Wednesday, 30 December 2009

Top Evangelical Theological Events in 2009

Collin Hansen at Christianity Today has compiled a very interesting list of the Top Ten Theological Stories for the past year. It is an interesting selection and worth a read.

The standouts for me are the unexpected news of the phasing out of the NIV (a translation for which I have an intense dislike, frankly- how such an inaccurate translation managed to become the translation of choice for a very substantial majority of Evangelicals, a group that prides itself on its reverence for Scripture, has got to be one of the great mysteries of the universe) and the unexpected hostility towards the Manhatten Declaration (check out the comments on the article that Hansen links to and you may begin to realise just how far from Church unity we are in the West).

The Internet Monk, Michael Spencer, also gets a mention, as well he should. He has cancer at the moment, as a matter of fact, and needs prayers. His blog is well worth a visit, for those who don't know him. One of the canniest Evangelicals about these days. And one of the most Christian.


matthias said...

Sad about internet monk.I found his web site thought provoking,i will pray for his health and for his family.
His articles on the end of evangelicalism have assisted me to assess where i stand in relation to the church i currently attend.(Perhaps i should come over and be an Evangelical in the RCC and be called an aberration by liberal catholics,just as Schutz was labelled.)
Happy New year God Bless

GAB said...

You'd be most welcome. We could use more such "aberrations". :)

Matthias said...

Thank you GAB .My only problems -perhaps historical hangups- deal with the issue of the Inquisition and Papal infallibility.I do not see the Pope as AntiChrist as was once taught in the church i grew up in,i think the witness of Catholic Charismatic renewal has done a great deal to dislodge this belief.
Also having sung with Schutz at his church the Sunday December 20-and i did not do a KRUDD re taking the eucharist- i felt that i was most blessed and came away singing MAGNIFICAT which i and Schutz had sung whilst people went up to receive the Eucharist.i also like the fact that people could go up to the priest and he would say a prayer for them .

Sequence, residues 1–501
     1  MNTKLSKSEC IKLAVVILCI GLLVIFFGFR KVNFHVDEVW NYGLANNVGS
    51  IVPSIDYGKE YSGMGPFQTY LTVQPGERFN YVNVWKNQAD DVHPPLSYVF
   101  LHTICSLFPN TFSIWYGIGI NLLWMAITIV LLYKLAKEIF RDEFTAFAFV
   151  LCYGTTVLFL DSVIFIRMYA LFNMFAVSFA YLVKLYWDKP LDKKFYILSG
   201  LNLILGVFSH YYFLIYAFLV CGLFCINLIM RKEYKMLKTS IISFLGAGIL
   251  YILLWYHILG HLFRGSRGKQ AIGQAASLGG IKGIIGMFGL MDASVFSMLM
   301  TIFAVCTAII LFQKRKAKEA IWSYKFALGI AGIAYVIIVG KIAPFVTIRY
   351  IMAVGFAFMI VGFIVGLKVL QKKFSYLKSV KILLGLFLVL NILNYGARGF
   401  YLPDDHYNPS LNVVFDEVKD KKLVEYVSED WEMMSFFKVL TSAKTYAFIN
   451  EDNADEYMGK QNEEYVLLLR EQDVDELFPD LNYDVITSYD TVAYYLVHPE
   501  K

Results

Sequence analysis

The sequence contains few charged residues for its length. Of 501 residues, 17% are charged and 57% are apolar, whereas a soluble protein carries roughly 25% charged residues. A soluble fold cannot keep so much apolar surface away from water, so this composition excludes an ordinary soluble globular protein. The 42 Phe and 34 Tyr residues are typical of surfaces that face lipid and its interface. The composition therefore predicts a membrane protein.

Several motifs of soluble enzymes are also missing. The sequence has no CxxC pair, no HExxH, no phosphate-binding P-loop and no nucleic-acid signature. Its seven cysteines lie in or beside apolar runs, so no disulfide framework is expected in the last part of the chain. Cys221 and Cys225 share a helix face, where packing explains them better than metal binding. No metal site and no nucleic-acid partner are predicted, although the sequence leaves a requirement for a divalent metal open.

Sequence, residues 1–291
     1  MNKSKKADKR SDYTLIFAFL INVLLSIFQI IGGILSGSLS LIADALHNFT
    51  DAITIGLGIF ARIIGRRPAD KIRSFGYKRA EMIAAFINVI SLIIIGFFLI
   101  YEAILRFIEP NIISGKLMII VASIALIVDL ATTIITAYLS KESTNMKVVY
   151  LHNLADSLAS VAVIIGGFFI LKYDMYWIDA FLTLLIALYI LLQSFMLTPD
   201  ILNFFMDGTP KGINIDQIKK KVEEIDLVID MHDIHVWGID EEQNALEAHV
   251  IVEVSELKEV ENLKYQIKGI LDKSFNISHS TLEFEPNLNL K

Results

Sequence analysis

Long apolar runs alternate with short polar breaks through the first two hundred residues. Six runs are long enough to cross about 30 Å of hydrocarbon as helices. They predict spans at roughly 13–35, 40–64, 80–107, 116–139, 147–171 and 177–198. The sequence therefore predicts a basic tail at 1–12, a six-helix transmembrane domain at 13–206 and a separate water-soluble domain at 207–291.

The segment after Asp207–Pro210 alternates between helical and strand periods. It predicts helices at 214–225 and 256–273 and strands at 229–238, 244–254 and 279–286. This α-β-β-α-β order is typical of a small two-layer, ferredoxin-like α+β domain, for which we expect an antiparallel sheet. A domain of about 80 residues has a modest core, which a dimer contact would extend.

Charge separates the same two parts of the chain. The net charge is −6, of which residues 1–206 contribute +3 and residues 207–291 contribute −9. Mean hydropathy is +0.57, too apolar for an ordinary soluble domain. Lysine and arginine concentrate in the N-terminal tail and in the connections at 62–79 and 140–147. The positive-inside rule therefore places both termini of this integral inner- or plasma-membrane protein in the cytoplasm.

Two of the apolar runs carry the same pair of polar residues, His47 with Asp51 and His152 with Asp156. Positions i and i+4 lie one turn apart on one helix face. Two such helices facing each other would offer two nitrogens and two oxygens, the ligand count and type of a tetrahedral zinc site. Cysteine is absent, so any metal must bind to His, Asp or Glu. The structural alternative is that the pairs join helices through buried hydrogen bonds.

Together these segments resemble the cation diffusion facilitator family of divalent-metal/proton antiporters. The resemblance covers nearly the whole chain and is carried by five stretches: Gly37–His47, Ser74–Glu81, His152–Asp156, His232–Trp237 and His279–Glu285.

GAB said...

Fair enough. I think papal infallibility looks like a bigger deal than it actually is much of the time, and is too often confused with either inspiration or impeccability. For my own part, I was largely persuaded on the matter by incidents like Pope Liberius stopping short of signing the Second Formulary of Sirmium during the Arian controversy or the bizarre about-turn of Pope Vigilius in the sixth century. Stuff like that suggests to me that the Holy Spirit has had His hand on the bishops of Rome in a quite unique way and that the definition in 1870 was trying to describe something real.

As to the Inquisition, I get where you're coming from. Lots of bad stuff there (torture, anyone?). Some good stuff, less well-publicised, as well, but its a decidedly speckled history.

I must confess ignorance- and am actually intensely curious- what does 'do a KRUDD' mean? Is it a Melbournian expression, perhaps?

Matthias said...

krudd=Kevin Rudd when he visited the mary McKillop Chapel and there was some debate i believe about his receiving the Eucharist,seeing as he is an Anglican once a catholic .
Thanks for your comments re papal infallibility and the Inquisition.I hasten to add that the Cof E persecuted dissenters and catholics and the reformed and lutherans (as well as catholics) also persecuted the anaBaptists. The reformed actually drowned them as a way of making fun at the anaBaptists belief in adult immersion
I am glad that the NIV and the TNIV are being phased out.i personally like the ESV and the Jerusalem Bible ,and i was bequeathed by my mum her copy of monsignor knox's version of the New Testament although Schutz thinks the latter is more paraphrasing